Social Scientist. v 3, no. 34 (May 1975) p. 3.

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Politics of Psychoanalysis

THE QUESTION is: why, not how, arc mental or personality disorders and a number of other things, as we shall presently see, traced to early childhood emotional experiences of the individual, particularly the parent-child relationship? The answer lies in the politics of psychoanalysis, which is the central concern of this article. That there are no "pure", that is, value-free or politically neutral ideas and theories, is now a wcll-rccog-nized fact.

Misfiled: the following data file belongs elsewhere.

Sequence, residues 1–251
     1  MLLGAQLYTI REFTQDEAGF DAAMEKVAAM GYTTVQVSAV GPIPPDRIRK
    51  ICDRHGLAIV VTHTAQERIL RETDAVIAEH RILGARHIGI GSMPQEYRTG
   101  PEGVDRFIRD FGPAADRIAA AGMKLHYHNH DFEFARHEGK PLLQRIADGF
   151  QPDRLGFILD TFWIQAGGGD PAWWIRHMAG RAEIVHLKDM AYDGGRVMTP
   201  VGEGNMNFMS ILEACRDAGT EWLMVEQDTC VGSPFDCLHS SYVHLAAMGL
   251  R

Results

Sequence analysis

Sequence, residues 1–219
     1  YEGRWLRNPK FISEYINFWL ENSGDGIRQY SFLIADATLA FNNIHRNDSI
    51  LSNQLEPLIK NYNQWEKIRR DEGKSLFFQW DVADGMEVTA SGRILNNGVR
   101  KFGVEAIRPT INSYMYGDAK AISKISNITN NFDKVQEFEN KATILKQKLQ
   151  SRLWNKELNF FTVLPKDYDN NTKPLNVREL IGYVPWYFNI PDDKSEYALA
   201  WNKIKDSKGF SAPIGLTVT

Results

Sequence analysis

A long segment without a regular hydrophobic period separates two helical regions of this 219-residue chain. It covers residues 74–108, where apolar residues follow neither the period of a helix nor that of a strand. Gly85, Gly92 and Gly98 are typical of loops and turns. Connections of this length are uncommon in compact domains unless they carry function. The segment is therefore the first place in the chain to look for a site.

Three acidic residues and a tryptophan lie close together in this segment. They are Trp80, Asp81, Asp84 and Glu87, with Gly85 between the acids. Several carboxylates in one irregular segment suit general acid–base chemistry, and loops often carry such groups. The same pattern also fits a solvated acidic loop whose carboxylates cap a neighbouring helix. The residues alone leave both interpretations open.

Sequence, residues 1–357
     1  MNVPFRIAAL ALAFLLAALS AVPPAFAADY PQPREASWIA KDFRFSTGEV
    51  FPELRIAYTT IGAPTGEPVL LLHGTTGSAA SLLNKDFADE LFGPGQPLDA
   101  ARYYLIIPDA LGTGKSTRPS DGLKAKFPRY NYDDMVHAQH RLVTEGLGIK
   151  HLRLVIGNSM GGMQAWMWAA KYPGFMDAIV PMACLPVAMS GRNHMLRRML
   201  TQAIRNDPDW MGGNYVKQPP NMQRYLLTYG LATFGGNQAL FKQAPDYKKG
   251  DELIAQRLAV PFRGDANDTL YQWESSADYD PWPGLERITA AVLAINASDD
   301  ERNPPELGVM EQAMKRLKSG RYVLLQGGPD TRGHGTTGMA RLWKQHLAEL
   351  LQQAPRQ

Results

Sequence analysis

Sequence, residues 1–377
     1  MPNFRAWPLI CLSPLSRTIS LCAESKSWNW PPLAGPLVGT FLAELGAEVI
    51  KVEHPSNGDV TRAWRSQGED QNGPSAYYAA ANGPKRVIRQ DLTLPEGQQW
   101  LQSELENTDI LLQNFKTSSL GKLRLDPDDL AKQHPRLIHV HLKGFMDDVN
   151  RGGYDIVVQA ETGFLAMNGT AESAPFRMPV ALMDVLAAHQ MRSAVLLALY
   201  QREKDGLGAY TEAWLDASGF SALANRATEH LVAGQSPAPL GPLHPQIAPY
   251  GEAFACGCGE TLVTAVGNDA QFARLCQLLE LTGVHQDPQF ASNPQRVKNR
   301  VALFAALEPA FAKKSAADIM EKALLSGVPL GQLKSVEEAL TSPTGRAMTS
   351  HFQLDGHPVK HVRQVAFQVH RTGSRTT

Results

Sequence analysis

The so called 'traditional social theory (to call it ^traditibnal^ is really to camouflage its aristocratic-feudal ruling class character and make it look venerable) had for ages diverted attention from the concrete social order. This it did by indoctrinating or brainwashing the oppressed classes the world over into ascribing their misery (both material and 'mental') on the one hand and the comforts of the ruling classes on the other to God, fate or previous life. In fact, the given social order was itself declared to be 'natural9 or divinely ordained, be it the caste system in India (Manu) or slavery in Europe (Aristotle). This, and the ruling classes9 dubious and deceitful promise of unlimited honey and happiness to the oppressed classes in- heaven w next life on condition that they lived faithfully according to the dharma (predetermined) of their 'station^ (predetermined) in this one, in ia^t-made the social-political order inviolable, at least in theory.

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